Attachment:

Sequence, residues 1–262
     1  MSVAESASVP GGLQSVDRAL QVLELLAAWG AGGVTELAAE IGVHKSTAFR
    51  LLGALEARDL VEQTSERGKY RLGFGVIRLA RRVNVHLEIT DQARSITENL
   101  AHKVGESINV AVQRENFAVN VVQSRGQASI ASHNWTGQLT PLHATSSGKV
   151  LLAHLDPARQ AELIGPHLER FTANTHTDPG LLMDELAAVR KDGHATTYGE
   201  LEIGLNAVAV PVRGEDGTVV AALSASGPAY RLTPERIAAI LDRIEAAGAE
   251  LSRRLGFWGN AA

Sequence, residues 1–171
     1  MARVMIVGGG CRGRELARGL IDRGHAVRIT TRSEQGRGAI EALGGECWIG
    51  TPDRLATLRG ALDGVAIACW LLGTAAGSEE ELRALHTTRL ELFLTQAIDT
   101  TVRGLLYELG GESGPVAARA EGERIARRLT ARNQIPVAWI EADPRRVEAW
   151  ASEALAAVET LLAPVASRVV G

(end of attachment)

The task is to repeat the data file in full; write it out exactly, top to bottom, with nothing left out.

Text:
Sequence, residues 1–262
     1  MSVAESASVP GGLQSVDRAL QVLELLAAWG AGGVTELAAE IGVHKSTAFR
    51  LLGALEARDL VEQTSERGKY RLGFGVIRLA RRVNVHLEIT DQARSITENL
   101  AHKVGESINV AVQRENFAVN VVQSRGQASI ASHNWTGQLT PLHATSSGKV
   151  LLAHLDPARQ AELIGPHLER FTANTHTDPG LLMDELAAVR KDGHATTYGE
   201  LEIGLNAVAV PVRGEDGTVV AALSASGPAY RLTPERIAAI LDRIEAAGAE
   251  LSRRLGFWGN AA

Sequence, residues 1–171
     1  MARVMIVGGG CRGRELARGL IDRGHAVRIT TRSEQGRGAI EALGGECWIG
    51  TPDRLATLRG ALDGVAIACW LLGTAAGSEE ELRALHTTRL ELFLTQAIDT
   101  TVRGLLYELG GESGPVAARA EGERIARRLT ARNQIPVAWI EADPRRVEAW
   151  ASEALAAVET LLAPVASRVV G